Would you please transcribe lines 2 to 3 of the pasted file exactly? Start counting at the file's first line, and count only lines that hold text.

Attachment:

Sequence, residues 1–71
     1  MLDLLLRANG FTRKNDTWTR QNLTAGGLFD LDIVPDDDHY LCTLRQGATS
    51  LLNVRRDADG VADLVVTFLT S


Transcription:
     1  MLDLLLRANG FTRKNDTWTR QNLTAGGLFD LDIVPDDDHY LCTLRQGATS
    51  LLNVRRDADG VADLVVTFLT S